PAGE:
Heating up Brady: Aside from the busted coverage, it's hard to quibble with the Jets' defensive performance. They frustrated Brady like we've never seen him. At one point, he was screaming at teammates on the sideline. Brady and his patchwork receiving corps were completely out of sync, but they managed to avoid interceptions. I'm surprised Rex Ryan didn't blitz more often, trying to pressure Brady into bad decisions. By my count, he sent more than four rushers on only 12 of 40 dropbacks.

Ryan has shown in the past he can contain Brady with an emphasis on coverage, not pressure, but I thought he'd change it up because of the Patriots' lack of weapons. Again, the defense was fantastic, but it didn't create any game-changing plays. Considering the state of the offense, the Jets need their defense to create turnovers, shortening the field.

PatriotsWilliam Perlman/THE STAR-LEDGER via USA TODAY SportsWillie Colon (No. 66) shoved referee Carl Cheffers during Thursday's melee. A major no-no.
The melee: Since I mentioned it, let's review the ugliness.

Clearly, it was a late hit by C Nick Mangold, who could get fined, but it looked worse than it should've been because Talib was showboating and made like a ballet dancer, trying a spin as he went out of bounds. Patriots coach Bill Belichick was one of the instigators, as he got into Mangold's face. Ferguson received a mini-push from behind by Wilfork, and that set him off. Two officials tried to pull Ferguson away, and one -- head linesman Kent Payne -- lost his balance and fell on his rear end. Ferguson took a swing at Dennard, who was on the ground in the scrum. Ferguson was ejected for throwing a punch.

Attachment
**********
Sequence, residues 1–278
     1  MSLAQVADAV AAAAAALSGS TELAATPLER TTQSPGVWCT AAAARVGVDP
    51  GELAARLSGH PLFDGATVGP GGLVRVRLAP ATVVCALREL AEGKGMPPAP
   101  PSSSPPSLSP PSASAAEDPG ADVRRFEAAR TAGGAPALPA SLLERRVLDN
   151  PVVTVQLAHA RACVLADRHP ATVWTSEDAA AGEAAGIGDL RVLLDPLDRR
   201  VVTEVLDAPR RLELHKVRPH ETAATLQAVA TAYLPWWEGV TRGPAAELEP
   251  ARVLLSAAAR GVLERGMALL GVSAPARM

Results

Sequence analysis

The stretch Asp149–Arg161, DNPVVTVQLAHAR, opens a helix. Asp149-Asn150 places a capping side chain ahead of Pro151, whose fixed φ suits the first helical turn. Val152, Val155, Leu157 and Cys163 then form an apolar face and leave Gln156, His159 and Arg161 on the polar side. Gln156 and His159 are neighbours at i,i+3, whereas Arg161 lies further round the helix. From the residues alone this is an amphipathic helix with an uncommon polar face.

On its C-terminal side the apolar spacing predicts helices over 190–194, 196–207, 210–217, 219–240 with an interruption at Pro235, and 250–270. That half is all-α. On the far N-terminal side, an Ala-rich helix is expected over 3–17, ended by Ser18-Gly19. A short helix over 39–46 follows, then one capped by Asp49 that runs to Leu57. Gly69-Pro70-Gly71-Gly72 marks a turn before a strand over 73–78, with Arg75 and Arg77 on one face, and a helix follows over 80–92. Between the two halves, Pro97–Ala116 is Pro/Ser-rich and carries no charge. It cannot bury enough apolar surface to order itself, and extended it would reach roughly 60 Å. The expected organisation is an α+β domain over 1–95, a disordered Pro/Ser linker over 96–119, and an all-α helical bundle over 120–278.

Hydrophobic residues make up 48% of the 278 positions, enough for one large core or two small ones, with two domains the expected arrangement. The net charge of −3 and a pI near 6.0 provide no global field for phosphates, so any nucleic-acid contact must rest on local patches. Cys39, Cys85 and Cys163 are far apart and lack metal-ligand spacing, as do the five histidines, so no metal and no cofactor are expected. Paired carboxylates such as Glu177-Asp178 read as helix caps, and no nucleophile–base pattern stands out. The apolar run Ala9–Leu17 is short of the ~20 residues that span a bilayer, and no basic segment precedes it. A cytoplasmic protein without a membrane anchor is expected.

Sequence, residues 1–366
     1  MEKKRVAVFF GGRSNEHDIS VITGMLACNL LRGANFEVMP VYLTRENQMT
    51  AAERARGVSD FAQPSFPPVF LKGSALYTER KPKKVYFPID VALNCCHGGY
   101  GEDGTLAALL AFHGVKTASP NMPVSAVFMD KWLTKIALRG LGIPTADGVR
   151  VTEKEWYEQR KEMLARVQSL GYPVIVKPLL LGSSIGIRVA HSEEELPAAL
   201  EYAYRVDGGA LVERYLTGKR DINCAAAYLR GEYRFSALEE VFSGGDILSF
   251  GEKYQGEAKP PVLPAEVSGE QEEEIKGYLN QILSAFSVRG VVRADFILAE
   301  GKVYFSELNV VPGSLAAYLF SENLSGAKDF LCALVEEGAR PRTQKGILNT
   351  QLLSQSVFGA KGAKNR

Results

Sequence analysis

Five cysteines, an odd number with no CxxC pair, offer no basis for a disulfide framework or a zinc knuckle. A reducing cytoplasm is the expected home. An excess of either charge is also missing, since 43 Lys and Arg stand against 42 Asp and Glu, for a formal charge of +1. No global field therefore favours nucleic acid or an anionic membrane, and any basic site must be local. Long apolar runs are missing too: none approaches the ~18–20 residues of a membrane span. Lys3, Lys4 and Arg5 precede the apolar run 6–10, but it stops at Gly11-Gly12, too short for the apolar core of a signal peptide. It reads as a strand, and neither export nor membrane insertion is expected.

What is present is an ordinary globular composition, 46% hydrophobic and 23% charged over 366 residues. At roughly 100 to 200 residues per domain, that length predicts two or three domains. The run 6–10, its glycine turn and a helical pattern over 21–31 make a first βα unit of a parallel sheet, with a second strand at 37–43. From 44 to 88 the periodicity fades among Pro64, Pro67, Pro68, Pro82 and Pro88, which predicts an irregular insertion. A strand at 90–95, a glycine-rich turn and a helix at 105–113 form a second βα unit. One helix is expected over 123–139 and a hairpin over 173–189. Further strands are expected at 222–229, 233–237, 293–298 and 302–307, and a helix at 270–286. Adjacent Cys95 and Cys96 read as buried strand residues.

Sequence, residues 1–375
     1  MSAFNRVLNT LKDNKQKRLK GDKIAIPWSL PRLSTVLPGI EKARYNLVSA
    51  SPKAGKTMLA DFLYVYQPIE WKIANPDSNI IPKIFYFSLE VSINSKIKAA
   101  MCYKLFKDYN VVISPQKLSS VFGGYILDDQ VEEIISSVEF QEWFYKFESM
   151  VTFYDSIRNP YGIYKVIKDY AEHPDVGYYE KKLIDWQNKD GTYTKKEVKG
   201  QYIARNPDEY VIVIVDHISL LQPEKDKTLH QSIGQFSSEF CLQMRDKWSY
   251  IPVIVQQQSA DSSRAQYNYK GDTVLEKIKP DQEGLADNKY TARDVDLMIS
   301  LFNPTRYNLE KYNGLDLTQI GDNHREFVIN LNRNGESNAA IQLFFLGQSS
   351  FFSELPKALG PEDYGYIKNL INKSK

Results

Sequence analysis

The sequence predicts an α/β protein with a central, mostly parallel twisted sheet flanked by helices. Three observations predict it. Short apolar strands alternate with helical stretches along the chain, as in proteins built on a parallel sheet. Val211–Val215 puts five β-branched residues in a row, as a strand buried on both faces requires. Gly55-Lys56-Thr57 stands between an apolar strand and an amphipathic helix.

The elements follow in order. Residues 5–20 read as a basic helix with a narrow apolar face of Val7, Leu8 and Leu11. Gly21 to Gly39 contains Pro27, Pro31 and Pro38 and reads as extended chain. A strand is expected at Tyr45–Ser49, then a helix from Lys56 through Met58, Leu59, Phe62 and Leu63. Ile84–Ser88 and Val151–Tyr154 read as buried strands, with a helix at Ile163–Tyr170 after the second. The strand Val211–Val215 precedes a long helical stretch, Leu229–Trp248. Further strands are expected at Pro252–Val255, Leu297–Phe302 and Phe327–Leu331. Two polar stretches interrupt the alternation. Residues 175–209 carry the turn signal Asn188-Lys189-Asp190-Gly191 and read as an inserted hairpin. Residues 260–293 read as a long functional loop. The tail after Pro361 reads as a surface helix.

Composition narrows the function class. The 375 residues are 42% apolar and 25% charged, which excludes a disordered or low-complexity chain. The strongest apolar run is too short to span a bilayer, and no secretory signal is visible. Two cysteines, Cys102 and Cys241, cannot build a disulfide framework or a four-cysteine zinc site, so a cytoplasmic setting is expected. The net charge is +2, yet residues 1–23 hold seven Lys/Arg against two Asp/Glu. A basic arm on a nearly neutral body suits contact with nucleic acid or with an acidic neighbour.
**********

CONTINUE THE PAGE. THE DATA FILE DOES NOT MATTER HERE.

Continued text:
LG Willie Colon, arriving on the scene, shoved referee Carl Cheffers, who lost his balance and nearly went down. You can't make contact with an official; that's a big no-no. He immediately threw his flag, resulting in Colon's ejection. A few seconds later, Colon did it again. He was being pushed away from the scene by back judge Todd Prukop and side judge Laird Hayes. Colon threw his arms up, making additional contact.

Naturally, the league is reviewing the matter. Colon and Ferguson figure to be fined, and there could be suspensions as well. Colon would appear to be in the most danger of being suspended; it would be crushing for the Jets if Colon and Ferguson are suspended. An ejection doesn't automatically mean a suspension.

W2W4: Jets at Patriots

September, 11, 2013
The New York Jets play their first division game Thursday night against their top nemesis, the New England Patriots. Kickoff is 8:25 p.m. at Gillette Stadium. The top storylines:

1. Don’t feed the beast: Patriots coach Bill Belichick has fielded some mediocre defenses in recent seasons, but his unit has an uncanny knack for creating turnovers. In fact, it has forced at least one in 28 consecutive games. This will be the major factor Thursday, especially with rookie Geno Smith at quarterback. Under coach Rex Ryan, the Jets are 3-0 against the Patriots when they’re equal or better in the turnover battle and 0-6 when they’re on the minus side. Seems pretty elementary, doesn’t it? For Smith, the key is to avoid third-and-long situations. That’s when Belichick gets creative with his schemes.

[+] EnlargeVladimir Ducasse
Tom Szczerbowski/Getty ImagesJets guard Vladimir Ducasse figures to get a stiff test from New England's defensive line.
2. Protect the middle: The Jets had some issues last week with the Tampa Bay Buccaneers' inside blitzing, especially on stunts. This is an area to watch because the Patriots, led by mammoth defensive tackle Vince Wilfork, are strong up the middle. Left guard Vladimir Ducasse, who allowed one sack and a few pressures in the opener, will be a marked man. The Patriots would be crazy not to put Wilfork over Ducasse, who will need help. But it won’t be easy to slide protection to the middle, because New York has to be concerned with the defensive ends, Chandler Jones and Jet killer Rob Ninkovich, a strip-sack waiting to happen.